Some flood water relief was provided by the tunnel or adit cut through the rock at the northern end of the bar. This was originally cut in 1790 by the miners at nearby Castle Wary silver mine to prevent their workings from flooding. As the width of the bar increased this adit became blocked from time to time until Captain Rogers enlarged it in 1887. The resulting flow of water from the lake kept the adit generally free from blockage.
However, the adit did continue to block and channels had to be bulldozed through the bar by South West Water in 1979 and 1984. Finally in 1986 the Water Authority provided the adit with a smooth bore concrete lining to improve its flow. In addition, they lengthened the tunnel by 100 metres and provided the upgraded sluice gate which controls the water flow from, and levels of, the pool. This sluice gate is clearly visible at the northern boundary of pool and bar.
Over the course of time the shape of the bar was dictated by the frequent breakages with the narrowest and weakest section being the site of both natural and man-made channels today. An indented profile on the inner side of the bar illustrates where the 1984 channel was cut. Many of the visible irregularities on the surface are a result of sediment splays caused by large storm waves.
However, the end of cutting has allowed the bar to return to its natural growth through onshore deposition (accretion). In turn this renewed increase in shingle accumulation, combined with the clogging effect of huge quantities of mining waste, has meant less water loss through the bar. Essentially all the lake overflow now travels through the adit.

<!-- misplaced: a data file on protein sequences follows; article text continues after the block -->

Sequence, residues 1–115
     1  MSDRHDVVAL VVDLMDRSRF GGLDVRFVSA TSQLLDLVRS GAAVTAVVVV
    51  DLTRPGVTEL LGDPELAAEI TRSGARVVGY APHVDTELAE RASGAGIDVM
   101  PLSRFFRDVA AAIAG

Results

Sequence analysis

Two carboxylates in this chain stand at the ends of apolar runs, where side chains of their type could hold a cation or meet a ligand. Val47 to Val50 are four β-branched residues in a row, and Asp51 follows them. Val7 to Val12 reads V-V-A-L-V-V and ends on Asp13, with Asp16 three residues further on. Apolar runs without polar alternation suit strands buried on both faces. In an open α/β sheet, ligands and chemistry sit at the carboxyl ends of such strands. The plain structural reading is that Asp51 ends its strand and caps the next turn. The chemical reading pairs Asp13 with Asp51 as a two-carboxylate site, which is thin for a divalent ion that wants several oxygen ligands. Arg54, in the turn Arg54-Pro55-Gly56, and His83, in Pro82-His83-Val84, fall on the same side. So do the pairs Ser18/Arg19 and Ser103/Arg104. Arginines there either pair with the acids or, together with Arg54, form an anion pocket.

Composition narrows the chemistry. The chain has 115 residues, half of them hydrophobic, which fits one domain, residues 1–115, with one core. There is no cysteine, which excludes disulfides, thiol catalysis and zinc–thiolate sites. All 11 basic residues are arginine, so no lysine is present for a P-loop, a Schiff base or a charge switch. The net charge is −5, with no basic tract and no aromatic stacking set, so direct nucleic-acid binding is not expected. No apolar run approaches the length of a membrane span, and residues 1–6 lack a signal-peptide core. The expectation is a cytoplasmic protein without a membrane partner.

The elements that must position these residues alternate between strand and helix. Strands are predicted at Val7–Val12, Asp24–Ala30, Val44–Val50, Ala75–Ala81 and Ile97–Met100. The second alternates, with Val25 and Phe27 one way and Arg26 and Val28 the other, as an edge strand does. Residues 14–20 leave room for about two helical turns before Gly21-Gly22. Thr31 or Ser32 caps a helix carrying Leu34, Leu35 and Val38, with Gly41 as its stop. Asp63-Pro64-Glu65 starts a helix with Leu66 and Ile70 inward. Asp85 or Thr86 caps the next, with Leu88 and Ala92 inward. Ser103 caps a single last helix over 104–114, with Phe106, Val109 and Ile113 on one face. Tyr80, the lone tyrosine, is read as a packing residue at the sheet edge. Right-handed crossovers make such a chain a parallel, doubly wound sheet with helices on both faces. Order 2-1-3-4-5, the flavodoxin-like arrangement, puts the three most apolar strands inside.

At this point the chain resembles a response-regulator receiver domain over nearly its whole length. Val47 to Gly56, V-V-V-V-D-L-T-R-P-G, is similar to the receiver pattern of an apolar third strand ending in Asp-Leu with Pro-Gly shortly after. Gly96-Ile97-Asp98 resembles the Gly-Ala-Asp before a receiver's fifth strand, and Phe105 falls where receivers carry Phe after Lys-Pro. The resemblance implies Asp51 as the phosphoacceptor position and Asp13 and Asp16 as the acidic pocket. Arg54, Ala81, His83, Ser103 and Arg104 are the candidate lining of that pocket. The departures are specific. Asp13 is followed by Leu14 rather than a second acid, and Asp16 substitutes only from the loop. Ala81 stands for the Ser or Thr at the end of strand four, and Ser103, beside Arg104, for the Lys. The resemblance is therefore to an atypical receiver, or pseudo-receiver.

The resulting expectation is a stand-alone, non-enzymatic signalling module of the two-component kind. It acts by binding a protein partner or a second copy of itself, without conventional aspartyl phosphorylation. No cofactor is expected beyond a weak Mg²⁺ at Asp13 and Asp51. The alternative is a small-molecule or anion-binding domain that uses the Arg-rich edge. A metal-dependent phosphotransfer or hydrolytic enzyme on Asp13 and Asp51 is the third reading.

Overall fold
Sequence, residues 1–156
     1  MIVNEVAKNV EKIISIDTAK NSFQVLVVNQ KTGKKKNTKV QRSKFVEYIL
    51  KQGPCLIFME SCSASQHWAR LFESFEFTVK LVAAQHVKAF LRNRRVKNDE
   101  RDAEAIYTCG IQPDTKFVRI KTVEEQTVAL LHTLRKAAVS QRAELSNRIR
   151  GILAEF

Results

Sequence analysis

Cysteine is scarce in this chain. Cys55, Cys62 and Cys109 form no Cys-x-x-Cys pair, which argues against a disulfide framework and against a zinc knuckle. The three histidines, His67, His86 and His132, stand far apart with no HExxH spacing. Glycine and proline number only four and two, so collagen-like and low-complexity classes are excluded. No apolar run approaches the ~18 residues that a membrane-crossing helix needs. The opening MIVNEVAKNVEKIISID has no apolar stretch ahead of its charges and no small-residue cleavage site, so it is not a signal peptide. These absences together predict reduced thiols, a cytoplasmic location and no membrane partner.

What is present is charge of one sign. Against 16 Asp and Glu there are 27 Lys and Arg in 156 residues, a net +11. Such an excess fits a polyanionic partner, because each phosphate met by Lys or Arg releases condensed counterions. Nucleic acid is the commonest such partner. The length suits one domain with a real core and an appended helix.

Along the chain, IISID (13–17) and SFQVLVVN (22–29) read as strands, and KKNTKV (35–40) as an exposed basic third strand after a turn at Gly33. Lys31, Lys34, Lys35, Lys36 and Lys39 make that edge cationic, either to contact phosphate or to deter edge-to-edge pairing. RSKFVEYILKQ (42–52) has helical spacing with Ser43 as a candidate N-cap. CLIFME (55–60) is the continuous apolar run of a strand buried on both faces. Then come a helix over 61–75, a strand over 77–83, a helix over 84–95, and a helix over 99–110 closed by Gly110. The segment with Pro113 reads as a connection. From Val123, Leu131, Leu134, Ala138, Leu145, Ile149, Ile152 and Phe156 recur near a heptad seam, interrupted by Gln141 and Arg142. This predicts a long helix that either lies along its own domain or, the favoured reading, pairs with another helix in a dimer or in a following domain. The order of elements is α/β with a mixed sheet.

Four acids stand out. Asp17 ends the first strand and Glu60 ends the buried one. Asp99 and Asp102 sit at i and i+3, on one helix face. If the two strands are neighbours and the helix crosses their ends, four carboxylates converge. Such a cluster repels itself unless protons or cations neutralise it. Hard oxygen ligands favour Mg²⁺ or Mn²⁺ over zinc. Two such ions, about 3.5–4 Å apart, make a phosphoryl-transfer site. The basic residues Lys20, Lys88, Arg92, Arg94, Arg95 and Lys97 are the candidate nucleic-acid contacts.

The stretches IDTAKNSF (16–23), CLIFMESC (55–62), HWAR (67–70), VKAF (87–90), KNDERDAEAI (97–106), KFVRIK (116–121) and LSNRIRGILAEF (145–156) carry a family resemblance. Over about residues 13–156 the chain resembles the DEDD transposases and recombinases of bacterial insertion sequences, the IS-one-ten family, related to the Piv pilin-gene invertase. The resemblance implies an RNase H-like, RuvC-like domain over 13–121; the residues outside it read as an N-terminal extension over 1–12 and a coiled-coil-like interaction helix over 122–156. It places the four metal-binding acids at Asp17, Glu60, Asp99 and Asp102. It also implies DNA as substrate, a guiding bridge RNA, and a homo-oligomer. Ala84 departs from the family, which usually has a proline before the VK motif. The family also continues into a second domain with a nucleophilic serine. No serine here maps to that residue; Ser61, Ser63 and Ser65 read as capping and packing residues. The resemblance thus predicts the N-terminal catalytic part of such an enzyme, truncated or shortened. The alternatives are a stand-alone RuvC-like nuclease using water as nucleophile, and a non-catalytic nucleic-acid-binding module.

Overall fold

Managing a Shifting Shoreline
Coastlines are dynamic, and constantly changing as a result of the sea’s actions. This dynamism is likely to increase in the future because of climate change and sea level rise. In recent years, there has been growing recognition that the shifting nature of coastlines must be accepted and that there must be limits to the amount of coastal defence carried out. This philosophy underpins the National Trusts Shifting Shores Policy, which is explained here in a video narrated by Kate Humble.
A shifting shoreline will have a number of implications for Loe Bar, Loe Pool and the National Trusts Penrose estate.
- Accretion, or the building up of new material at Loe Bar, may produce new wildlife habitats which in turn can protect access, land and buildings.
- Access may be adversely affected through the loss of footpaths or car parks.
- Buildings may be lost, or demolished for reasons of safety. For example, increasing coastal erosion in the area of Bar Lodge could present an interesting dilemma for the future. Would the National Trust surrender the building to the sea, demolish it or invest in its repositioning?
- Archaeological features may be affected. In some cases these may be lost as a result of erosion, in others they may be exposed and become available for study.
Whatever the outcome of coastal erosion there are considerable public relations consequences. Some of the effects of erosion will be permanent, but others may be temporary. The provision of access may be in the latter category, providing that facilities such as footpaths can be replaced. However, replacement may only be practical if provision for erosion is made in advance, for example by ensuring that land is available on which to locate a new footpath.
Acceptance of the dynamic nature of the coast implies the acceptance that land in the Trust’s care will change with time. This deliberate yielding of land is called ‘managed retreat’. On first impressions this could be seen as contrary to ‘permanent preservation’, but the Trust has had to accept that it cannot protect everything for ever.